Cancelled after only two seasons, this show did not deserve to die. It might not have been up to par with the movie’s depictions of the Terminator world, but it was great television. Epic in scope, there was so much more story left to tell. Unfortunately, the producers weren’t given enough notice to craft a series finale, and left viewers with not just an unresolved cliffhanger, but a complete lack of resolution.
Series creator Josh Friedman did something remarkable. He took an incredibly iconic series of films and managed to turn them into a series with its own identity. James Cameron may have created Sarah and John Connor, as well as the mythology of the Terminators and the future war, but the television show managed to take those characters and ideas and place them into a serialized story that wouldn’t fit into the confines of a film franchise. Unfortunately, it also didn’t fit within a two-season television show.
Set in the present day, Sarah and John are teamed up with a female terminator named Cameron. Like in the second film, her Terminator was sent back to protect John. This was all established in the first season, and in Season two they evolve the story with the introduction of several new characters, including a liquid metal terminator named Catherine Weaver. Played by Shirley Manson (from the band Garbage), she is a fascinating enemy, attempting to put the beginning stages of the (inevitable?) apocalypse into effect. Her philosophical interactions with the character of John Henry (also from the first season) provide a greater level of substance to a show that tends to be more action oriented.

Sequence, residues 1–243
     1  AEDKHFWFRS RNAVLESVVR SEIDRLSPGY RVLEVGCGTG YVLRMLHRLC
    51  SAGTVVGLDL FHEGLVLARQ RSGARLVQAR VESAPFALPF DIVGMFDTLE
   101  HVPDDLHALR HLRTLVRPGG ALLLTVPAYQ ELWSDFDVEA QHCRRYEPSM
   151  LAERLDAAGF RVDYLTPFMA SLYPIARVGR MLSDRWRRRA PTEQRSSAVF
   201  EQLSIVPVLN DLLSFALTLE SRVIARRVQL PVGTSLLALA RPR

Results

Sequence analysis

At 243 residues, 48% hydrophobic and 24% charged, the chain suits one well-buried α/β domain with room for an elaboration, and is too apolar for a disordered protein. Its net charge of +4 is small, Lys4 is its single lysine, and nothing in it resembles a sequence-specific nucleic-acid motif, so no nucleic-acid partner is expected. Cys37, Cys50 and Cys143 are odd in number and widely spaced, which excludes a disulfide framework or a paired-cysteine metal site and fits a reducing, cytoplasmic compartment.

This season also features the introduction of a girlfriend for John. Riley, played by Leven Rambin, is a welcome addition to the show. On her own, her character isn’t that exciting, but serving as the plot device, creating a wedge between John and Sarah, she brings a lot more story to the table.
This season really did seem to be more about story than before. We get many glimpses of the future, and as the plot progressed, it took our characters further and further from the standard locations we had grown accustomed to in the first year. It also took them even further emotionally. This evolution of the show ends up a huge part of the extras on the newly released Season 2 DVD.
The extras are all lumped together into one section called “The Continuing Chronicles: Terminator-8 Part Featurette Gallery.” This gallery is divided into categories focusing on the writing, visual effects, makeup effects, locations, stunt work, setpieces, music, and acting. It’s a great compilation of information that really gives a lot of insight into such a large-scale show. There are also commentary tracks on four key episodes, deleted scenes, a gag reel, etc. It is an above-average group of extras, and I am thrilled that they put so much work into the DVD release of a show cancelled before its time.
I really feel that this show was building to something great. I’ve watched the show since the very beginning, and although there was never a satisfying payoff, I’m glad I stayed with it. The episodes are still entertaining on an individual basis, and the stories and characters are still compelling. I really enjoyed revisiting the series on DVD, and highly recommend it to fans of the Terminator universe.